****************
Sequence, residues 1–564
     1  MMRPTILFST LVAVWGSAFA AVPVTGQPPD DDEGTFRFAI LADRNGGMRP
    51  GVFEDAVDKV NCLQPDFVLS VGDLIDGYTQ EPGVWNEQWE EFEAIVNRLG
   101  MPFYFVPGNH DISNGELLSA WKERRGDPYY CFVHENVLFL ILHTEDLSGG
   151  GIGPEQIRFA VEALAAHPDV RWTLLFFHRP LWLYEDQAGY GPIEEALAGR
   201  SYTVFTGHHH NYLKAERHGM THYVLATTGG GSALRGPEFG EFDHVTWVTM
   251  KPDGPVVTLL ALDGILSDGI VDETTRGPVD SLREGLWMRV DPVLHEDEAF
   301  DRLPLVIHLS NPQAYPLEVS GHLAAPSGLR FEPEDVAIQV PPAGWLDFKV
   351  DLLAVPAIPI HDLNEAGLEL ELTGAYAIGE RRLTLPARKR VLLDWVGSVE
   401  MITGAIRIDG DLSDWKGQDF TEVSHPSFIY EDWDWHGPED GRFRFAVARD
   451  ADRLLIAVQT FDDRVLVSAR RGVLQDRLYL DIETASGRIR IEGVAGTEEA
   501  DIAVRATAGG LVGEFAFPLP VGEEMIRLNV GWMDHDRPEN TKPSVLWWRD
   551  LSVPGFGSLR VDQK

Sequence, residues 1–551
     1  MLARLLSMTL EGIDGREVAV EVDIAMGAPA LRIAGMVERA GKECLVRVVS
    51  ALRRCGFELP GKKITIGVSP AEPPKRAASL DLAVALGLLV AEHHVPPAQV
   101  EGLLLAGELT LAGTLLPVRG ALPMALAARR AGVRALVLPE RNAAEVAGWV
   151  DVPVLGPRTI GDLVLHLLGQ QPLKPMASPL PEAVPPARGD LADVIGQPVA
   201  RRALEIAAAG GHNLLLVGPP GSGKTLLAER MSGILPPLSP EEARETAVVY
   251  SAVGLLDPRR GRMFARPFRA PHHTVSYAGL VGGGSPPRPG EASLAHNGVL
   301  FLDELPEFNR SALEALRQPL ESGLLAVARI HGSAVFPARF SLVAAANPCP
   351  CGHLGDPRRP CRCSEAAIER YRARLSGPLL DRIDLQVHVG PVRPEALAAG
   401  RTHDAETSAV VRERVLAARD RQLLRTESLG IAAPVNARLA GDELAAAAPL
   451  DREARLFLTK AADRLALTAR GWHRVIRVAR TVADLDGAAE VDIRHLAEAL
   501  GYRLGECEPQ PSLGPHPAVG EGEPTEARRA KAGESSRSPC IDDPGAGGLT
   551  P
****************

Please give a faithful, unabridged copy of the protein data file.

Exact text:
Sequence, residues 1–564
     1  MMRPTILFST LVAVWGSAFA AVPVTGQPPD DDEGTFRFAI LADRNGGMRP
    51  GVFEDAVDKV NCLQPDFVLS VGDLIDGYTQ EPGVWNEQWE EFEAIVNRLG
   101  MPFYFVPGNH DISNGELLSA WKERRGDPYY CFVHENVLFL ILHTEDLSGG
   151  GIGPEQIRFA VEALAAHPDV RWTLLFFHRP LWLYEDQAGY GPIEEALAGR
   201  SYTVFTGHHH NYLKAERHGM THYVLATTGG GSALRGPEFG EFDHVTWVTM
   251  KPDGPVVTLL ALDGILSDGI VDETTRGPVD SLREGLWMRV DPVLHEDEAF
   301  DRLPLVIHLS NPQAYPLEVS GHLAAPSGLR FEPEDVAIQV PPAGWLDFKV
   351  DLLAVPAIPI HDLNEAGLEL ELTGAYAIGE RRLTLPARKR VLLDWVGSVE
   401  MITGAIRIDG DLSDWKGQDF TEVSHPSFIY EDWDWHGPED GRFRFAVARD
   451  ADRLLIAVQT FDDRVLVSAR RGVLQDRLYL DIETASGRIR IEGVAGTEEA
   501  DIAVRATAGG LVGEFAFPLP VGEEMIRLNV GWMDHDRPEN TKPSVLWWRD
   551  LSVPGFGSLR VDQK

Sequence, residues 1–551
     1  MLARLLSMTL EGIDGREVAV EVDIAMGAPA LRIAGMVERA GKECLVRVVS
    51  ALRRCGFELP GKKITIGVSP AEPPKRAASL DLAVALGLLV AEHHVPPAQV
   101  EGLLLAGELT LAGTLLPVRG ALPMALAARR AGVRALVLPE RNAAEVAGWV
   151  DVPVLGPRTI GDLVLHLLGQ QPLKPMASPL PEAVPPARGD LADVIGQPVA
   201  RRALEIAAAG GHNLLLVGPP GSGKTLLAER MSGILPPLSP EEARETAVVY
   251  SAVGLLDPRR GRMFARPFRA PHHTVSYAGL VGGGSPPRPG EASLAHNGVL
   301  FLDELPEFNR SALEALRQPL ESGLLAVARI HGSAVFPARF SLVAAANPCP
   351  CGHLGDPRRP CRCSEAAIER YRARLSGPLL DRIDLQVHVG PVRPEALAAG
   401  RTHDAETSAV VRERVLAARD RQLLRTESLG IAAPVNARLA GDELAAAAPL
   451  DREARLFLTK AADRLALTAR GWHRVIRVAR TVADLDGAAE VDIRHLAEAL
   501  GYRLGECEPQ PSLGPHPAVG EGEPTEARRA KAGESSRSPC IDDPGAGGLT
   551  P